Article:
What is the Significance of Worc(h)ester in C.S. Lewis’ Ransom Cycle?

This is an honest question that I hope readers can help me with, and a proposal I would like to test out. C.S. Lewis’ second space travel adventure, Perelandra, begins like this: “As I left the railway station at Worchester….” It just occurred to me to find out where that station is (or was).

As far as I can tell, Worchester spelled thusly is not a place we would have found in WWII England. There is a Worcester College at Oxford, the alma mater of Emma Watson and Richard Adams—a fact that probably is more interesting to me than to Lewis. Lewis had a friend named Wyllie at Worcester while he was attending Oxford as a student. Lewis had once been given a pair of swans by the Provost of Worcester College, which he hated—the swans, not the Provost. Still, not a terribly strong link.

There is a Worcester in Worcestershire, England—a small city I passed by last year on my way from Birmingham to Cheltenham to visit friends. There are random historical events that are set in Worcester that Lewis might have found significant. Tyndale appeared for charges of heresy there in the early 1520s. Hugh Latimer was Bishop there 1535-39 when he resigned to take up being a heretic full time. Most significantly, the Battle of Worcester closed the English Civil War as Oliver Cromwell’s Parliamentarian army defeated King Charles II’s Royalist and Scottish army. Worcester was also plan B for the Parliament in WWII in case London had to be abandoned, though I doubt if Lewis knew that.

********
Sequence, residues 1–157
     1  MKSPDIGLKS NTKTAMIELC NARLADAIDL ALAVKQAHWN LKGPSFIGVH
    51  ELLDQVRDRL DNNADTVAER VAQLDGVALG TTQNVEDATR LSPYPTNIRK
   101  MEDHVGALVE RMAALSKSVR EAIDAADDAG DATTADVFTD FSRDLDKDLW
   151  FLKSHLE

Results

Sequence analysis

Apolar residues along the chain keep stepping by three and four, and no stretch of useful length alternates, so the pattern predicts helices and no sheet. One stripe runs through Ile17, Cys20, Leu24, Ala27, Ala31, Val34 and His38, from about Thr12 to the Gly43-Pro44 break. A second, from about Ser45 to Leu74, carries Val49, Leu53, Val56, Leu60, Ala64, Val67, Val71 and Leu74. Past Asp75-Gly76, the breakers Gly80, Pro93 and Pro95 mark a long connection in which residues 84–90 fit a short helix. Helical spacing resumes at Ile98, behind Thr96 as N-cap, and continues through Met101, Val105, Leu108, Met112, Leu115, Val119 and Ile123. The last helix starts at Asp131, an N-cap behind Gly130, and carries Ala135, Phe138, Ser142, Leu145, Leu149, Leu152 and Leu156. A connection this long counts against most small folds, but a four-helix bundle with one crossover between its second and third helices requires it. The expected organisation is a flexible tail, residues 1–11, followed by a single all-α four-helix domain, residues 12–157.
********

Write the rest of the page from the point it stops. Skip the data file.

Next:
And, of course, there is the Lea & Perrins brand of Worcestershire sauce, an ill-used staple in our home and many others, I am sure.

Perhaps the link is more personal. Lewis and his brother Warren spent a good deal of time at the schools of Malvern College, which is in Worcestershire. It is where C.S. Lewis abandoned his Christian faith, as he describes in Surprised by Joy and therein calls his school Wyvern College. This was not a warm place in Lewis’ memories, though he had friends, and he would have gone to the city of Worcester for enjoyable outings (escapes) from school.

Of all these, the links to Ransom’s world are not terribly clear. The strongest one is the Battle—and that link might not be more than tangential. Let’s walk through them.

Great Malvern Railway Station